Archive for the 'Skepticism' Category

May 13 2022

Scientists Grow Plants in Lunar Soil

Published by under Skepticism

After years of requesting tiny samples of lunar soil, plant scientists at the University of Florida were finally granted 12 grams to work with (out of the 382 kg brought back during the Apollo missions). They had proposed a simple experiment – could seeds germinate and plants grow in lunar soil? It turns out the answer is yes, sort of.

The researchers used Arabidopsis, or rockcress, which is a genus that contains the first plant to have its entire genome sequenced and is therefore a favorite of plant biologists.  They added nutrient rich water to one gram pots of lunar soil and planted Arabidopsis seeds in them. As controls they planted the same seeds with the same nutrients in regular soil, and simulated lunar and Martian soil, plus Earth soil but from extreme environments. All of the seeds sprouted. For about the first six days the plants all seemed to be doing equally well, but then it became clear that the plants growing in lunar soil were smaller, more varied in size, and were showing signs of stress.

The experiment was therefore a partial success – the plants grew surprisingly well but did not thrive in the lunar soil. Because they used Arabidopsis, they were able to also track gene expression in the plants. The plants growing in lunar soil had increased expression of genes related to stress, reinforcing the conclusion that there is something about the lunar soil that is not friendly to the plants, causing them to react as if they were growing in an extreme environment.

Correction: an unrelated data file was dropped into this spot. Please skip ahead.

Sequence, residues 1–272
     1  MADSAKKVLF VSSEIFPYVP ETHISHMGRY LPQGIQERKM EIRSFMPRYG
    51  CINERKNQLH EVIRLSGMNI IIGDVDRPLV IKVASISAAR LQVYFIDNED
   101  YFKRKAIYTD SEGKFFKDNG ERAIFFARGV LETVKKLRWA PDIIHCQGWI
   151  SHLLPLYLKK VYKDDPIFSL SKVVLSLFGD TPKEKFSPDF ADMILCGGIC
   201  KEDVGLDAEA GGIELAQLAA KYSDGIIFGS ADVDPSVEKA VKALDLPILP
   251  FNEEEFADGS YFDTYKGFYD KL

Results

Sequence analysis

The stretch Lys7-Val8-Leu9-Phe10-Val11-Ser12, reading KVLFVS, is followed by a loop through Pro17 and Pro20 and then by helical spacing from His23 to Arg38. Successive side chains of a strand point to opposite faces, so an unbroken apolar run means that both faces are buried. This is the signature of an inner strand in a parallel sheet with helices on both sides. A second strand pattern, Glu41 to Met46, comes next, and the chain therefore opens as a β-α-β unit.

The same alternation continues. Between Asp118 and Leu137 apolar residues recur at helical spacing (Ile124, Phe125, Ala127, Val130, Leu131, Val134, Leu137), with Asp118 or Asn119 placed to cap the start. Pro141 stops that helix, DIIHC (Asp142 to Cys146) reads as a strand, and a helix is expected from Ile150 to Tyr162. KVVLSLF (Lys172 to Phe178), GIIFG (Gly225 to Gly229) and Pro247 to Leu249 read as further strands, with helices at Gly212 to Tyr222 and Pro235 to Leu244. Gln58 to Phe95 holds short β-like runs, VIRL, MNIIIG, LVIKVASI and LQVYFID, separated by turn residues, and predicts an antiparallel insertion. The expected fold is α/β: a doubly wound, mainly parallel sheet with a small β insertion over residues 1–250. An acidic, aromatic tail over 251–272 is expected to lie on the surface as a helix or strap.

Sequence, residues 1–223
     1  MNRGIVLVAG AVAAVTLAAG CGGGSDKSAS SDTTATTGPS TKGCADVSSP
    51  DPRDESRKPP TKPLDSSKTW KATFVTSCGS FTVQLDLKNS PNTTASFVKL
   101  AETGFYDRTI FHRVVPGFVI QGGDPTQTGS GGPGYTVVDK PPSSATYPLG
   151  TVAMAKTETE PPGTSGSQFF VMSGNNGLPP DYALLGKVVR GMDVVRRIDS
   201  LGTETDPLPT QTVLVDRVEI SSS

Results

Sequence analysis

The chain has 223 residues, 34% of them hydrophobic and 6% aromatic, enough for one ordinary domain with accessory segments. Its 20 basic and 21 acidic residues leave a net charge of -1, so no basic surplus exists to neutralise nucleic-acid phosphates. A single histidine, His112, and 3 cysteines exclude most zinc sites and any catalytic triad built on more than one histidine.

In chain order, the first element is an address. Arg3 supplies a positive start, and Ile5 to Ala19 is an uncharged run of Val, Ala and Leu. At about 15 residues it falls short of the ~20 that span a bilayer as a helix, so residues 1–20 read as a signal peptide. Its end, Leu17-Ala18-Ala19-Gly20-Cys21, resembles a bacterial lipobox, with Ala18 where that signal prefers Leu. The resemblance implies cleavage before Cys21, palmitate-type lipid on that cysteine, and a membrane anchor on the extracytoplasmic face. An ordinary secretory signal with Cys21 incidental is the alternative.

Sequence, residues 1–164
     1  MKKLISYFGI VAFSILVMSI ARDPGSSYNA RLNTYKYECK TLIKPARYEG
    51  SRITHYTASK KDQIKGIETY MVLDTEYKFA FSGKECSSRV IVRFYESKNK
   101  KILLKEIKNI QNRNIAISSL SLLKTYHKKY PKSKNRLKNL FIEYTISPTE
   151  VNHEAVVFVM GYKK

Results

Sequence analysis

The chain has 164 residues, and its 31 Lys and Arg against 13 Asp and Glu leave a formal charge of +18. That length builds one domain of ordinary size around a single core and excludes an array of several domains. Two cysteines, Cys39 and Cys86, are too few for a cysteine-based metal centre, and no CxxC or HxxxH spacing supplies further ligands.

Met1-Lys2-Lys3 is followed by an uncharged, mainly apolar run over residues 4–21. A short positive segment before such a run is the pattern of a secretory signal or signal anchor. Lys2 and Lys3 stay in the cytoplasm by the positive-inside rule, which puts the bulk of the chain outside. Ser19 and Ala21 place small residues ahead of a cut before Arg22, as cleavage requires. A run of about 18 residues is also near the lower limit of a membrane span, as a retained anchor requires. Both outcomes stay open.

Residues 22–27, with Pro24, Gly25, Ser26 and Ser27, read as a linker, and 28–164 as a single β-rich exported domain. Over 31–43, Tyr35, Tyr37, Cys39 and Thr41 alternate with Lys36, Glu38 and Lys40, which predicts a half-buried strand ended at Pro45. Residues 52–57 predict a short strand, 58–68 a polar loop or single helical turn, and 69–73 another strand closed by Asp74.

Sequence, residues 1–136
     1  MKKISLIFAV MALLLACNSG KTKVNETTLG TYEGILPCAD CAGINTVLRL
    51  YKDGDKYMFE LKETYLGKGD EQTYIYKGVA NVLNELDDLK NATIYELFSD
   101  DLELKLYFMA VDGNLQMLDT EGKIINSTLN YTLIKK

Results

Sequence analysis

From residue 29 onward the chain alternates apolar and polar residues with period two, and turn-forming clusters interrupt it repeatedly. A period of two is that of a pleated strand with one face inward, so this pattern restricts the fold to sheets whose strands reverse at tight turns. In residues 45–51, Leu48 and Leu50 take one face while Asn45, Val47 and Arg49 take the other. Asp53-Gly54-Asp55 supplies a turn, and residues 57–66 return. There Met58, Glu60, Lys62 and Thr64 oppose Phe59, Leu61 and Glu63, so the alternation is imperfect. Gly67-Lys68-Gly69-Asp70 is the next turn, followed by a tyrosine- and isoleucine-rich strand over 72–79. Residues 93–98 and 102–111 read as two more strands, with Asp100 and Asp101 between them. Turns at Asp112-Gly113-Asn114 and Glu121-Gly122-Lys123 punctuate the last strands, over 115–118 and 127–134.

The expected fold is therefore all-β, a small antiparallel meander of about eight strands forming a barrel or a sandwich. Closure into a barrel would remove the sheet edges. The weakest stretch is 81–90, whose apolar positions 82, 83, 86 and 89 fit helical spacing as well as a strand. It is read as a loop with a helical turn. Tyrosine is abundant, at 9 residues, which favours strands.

Interestingly, the researchers had two different type of lunar soil from different locations. One type is referred to as “mature” lunar soil, which was exposed directly to the solar wind. They also had not mature lunar soil, in which the plants fared a little better.

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Apr 21 2022

The Skeptics’ Guide to the Future

Published by under Skepticism,Technology

I am happy to announce that pre-orders are open for my upcoming book, The Skeptics’ Guide to the Future, which will be released by Grand Central Publishing on September, 27th. You can preorder your book here.